A few weeks ago we were sent on a mission to document as many big sidecountry lines as we could at Jackson Hole Mountain Resort. Here is the story and our final edit (courtesy of Hadley Hammer). [youtube=http://youtu.be/K91IT_pkGBA]
BIG LINES IN THE JACKSON SIDECOUNTRY, 2.5.13 By Monica Purington Coach approached the team on Monday, the night before our typical Tuesday training with Jess Baker (Exxum Mountain Guide, Jackson Hole Mountain Resort Guide and fellow Mountain Athlete) and asked us to think about three classic Jackson Hole side country lines we thought we could complete in one day.
We started throwing out ideas of some of the bigger lines: Space Walk, Pucker Face, Break Neck, Gothic, Broken Branch, The Whom, Once is Enough, Twice is Nice. We voiced concerns and potential hazards on some of the lines, discussed which we could complete the fastest and the current snow pack and stability concerns. After all the discussion we had come to a decision. Our goal was to ski Pucker-to-Break Neck-to-Broken Branch, weather and conditions dependent of course.
Tuesday morning came quick; Forrest, Hadley, Tess and I met Jess at 8:30 to catch the early tram and get a head start on our day. The mountain was in a cloud of grey and we knew that we would have to make some quick decisions and adjustments to our plans. As we headed up the tram we made observations of the wind and visibility and our excitement started to fade; maybe we wouldn’t get to ski any of these lines today.
Once at the top we regrouped inside Corbet’s Cabin with big decisions to make. Should we go up Cody and scratch Pucker off the list, or is it too windy? Do we ski Zero G or Spacewalk to Four Pines? Our biggest concerns were wind loading and overall conditions were potentially crusty. If we skied Pucker where did that leave us in regards to our next line; we had a bad taste in our mouth about Break Neck and it’s ominous hanging snowfields. We finally decided we’d take our chances with the potentially crusty snow in Zero G and have the ability to head to Four Pines after.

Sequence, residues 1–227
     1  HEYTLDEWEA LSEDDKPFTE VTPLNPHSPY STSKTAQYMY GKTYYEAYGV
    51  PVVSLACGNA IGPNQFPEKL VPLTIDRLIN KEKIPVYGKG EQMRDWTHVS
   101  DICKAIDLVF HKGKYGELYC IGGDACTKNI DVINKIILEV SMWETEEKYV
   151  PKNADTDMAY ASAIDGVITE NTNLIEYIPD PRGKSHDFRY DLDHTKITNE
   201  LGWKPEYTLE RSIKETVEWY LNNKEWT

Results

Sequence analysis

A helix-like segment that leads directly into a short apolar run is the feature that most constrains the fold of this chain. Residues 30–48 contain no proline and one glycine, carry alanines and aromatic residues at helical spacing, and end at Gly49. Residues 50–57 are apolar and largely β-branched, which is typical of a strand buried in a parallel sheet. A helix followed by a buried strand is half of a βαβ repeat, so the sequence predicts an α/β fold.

With Jess dropping in first, she ski cut the top of the shoot making sure the wind slab wouldn’t slide; things looked stable and we began to ski it one at a time. We had low expectations of snow conditions and were quickly pleasantly surprised by the smear-able cream cheese in Zero G. Each of us reached the bottom with big smiles on our faces and headed to the Four Pine hike.
With our adrenaline pumping we scurried up the Four Pines hike and decided it was on to Broken Branch. Getting to the top of Broken Branch it was evident that we were working with a clean slate. No one had skied it since the last storm and we were the “test monkeys,” as Jess would put it. We removed our skis and carefully down climbed into the shoot, knowing that we were going to have to be very cautious.
Again, Jess went first ski cutting the top of the shoot and one by one we made our way down to the top of the crux area. The snow seemed to be stable with just some normal sloughing, so we continued one by one skiing the main shoot. Broken Branch, which none of us had previously skied, was gorgeous. Opening up into a wider shoot all of us were able to open it up and make some big high speed turns. The snow was definitely variable with some sunbaked areas, but staying on the north side we got some light fresh turns.
Success, we had navigated two lines already and energy levels were high. Returning back into the Jackson Hole Mountain Resort boundaries we had some decisions to make. What now? Pucker was in the back of all of our minds but we weren’t sure of what the weather was like at the higher elevations. We decided not to stop for a re-fuel break but rather quickly eat on the tram dock and head back up to the top.
The sun was breaking, the winds were dying and although it was warming up quickly we decided to head up Cody Peak. We wanted Pucker, but knew we had Four Shadows or No Shadows as a back up. Our legs felt heavy, but our excitement carried us up Cardiac Ridge to the top of Pucker. We did some cornice tests to check stability and decided that although it was warming, the wind at the top of the ridge was keeping the snow cool enough that it hadn’t been greatly affected yet. We were going to ski it.
Pucker had been skied twice since the last storm, leaving two tracks on its face barely visible from being wind blown. We decided to ski close to the previous tracks with the mindset that it would be the most stable there. Again, with Jess dropping first, we skied it one at a time. You could see our smiles from top to bottom of the run, our adrenaline was bursting. Ski Patrol came over Jess’s guide radio, “There’s people on Pucker!” quickly followed by a, “Well done Jess,” when we had all successfully skied it. The Mountain Athlete Freeski team had left their signatures on Pucker Face, being the only visible tracks.
With three big lines in the bag we wanted more, we were hungry for more adrenaline. Break Neck was next on the hit list and with low intentions we traversed towards it. Break Neck is tough to navigate, steep and consists of hanging snowfields; all things that are severely dangerous. Checking the snow conditions and checking in with ourselves, we decided we had to finish the day with this last line. Hadley and Forrest skied these lines with ease, taking the bottom air to their feet finishing the day with just as much energy as when we started.
Coach Shaul sent us on a mission to complete three big lines, through lots of discussion, decision making and encouragement, we completed four.